The crisp January air and the prospect of food made both James and I feel slightly better, meaning by the time we were re-climbing the stairs up to my flat we were both much more cheerful. I felt more comfortable when things were going wrong rather than when things were going right, mostly because I felt more like myself when I was continually screwing things up and generally being rubbish. So, actually, having this article in Witch Weekly actually made me feel slightly less on edge – because I didn’t have to wait for the next thing to go wrong, we were already there.

“How was the rest of the party?” I asked as we reached the third flight of stairs. “Did Amy Carter throw herself on you?”

“Something like that,” James said with a grin, “who was it that passed out? That girl who used to be your friend but was secretly, like, telling everyone your secrets...”

“She was there?”

“Oh yeah,” James grinned. “She was trying to avoid you – scared shitless, I imagine. After Heddy, God, she was a mess.”

“Let’s not talk about that,” I muttered, “let’s talk about bacon!”

“The candles were unnecessary,” James grinned, “although I can’t wait to see what happens when you try and light them.”

“Hey,” I said, “everything that can go wrong has gone wrong today, so...” I fumbled around in my pocket for my keys, detracting them from my pocket and trying to get them in the lock and turn them with a week’s worth of shopping bags weighing my arm down.

“I wouldn’t bet on it,” James muttered, “but don’t worry – I’ll get on to Witch Weekly and tell them about how you keep rejecting me as soon as I get home.”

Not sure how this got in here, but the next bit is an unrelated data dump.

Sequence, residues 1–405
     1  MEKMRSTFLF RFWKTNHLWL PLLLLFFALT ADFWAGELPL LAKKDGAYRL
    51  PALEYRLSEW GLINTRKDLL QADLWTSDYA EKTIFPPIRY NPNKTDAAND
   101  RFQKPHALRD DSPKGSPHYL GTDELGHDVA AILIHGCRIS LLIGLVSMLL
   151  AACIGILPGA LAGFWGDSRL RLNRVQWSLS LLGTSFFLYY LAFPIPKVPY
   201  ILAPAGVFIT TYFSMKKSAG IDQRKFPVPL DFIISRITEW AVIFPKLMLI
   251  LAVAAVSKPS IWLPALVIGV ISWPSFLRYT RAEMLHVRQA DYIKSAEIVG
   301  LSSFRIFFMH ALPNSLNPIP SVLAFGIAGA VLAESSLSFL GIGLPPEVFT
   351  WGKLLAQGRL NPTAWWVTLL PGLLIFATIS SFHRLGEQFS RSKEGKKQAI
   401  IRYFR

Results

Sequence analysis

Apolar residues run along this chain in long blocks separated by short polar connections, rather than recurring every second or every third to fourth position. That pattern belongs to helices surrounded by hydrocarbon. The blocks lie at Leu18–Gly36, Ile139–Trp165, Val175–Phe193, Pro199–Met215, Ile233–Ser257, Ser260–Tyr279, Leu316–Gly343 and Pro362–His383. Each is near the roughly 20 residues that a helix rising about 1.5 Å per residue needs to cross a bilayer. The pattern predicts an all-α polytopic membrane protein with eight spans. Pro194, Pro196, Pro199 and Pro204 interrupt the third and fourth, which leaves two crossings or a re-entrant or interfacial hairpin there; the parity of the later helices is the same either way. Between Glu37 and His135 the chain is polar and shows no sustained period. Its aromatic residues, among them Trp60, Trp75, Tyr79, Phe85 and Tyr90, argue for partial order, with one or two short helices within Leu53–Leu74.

“What are your birthday plans?” I questioned, finally managing to unlock the door and bursting through into my flat.

“Sitting around moping mostly.”

“Well we could do something, right?” I suggested. “We’re both hungover and depressed so really, match made in...”

Max was stood in my pathetic excuse for a kitchen, leaning against one of the counters and idly flicking through one of the several copies of Witch Weekly that seemed to now exist in my flat (James had apparated with a great wad of magazines still in his hand and had thrown them in the direction of the bin to vent frustration at the world).

I stared at him, mouth agape for a few moments as I tried to imagine what things looked like from his perspective: James’s coat was still draped over the sofa – the idiot had forgotten it during the walk to the supermarket– two ignored cups of coffee were sitting by the sink, I was framed in the doorway holding a great deal of shopping and James was stood right behind me, carrying more shopping bags. It very much looked like James had stayed the night. Forget that, it almost seemed like James was two carrier bags short of moving in.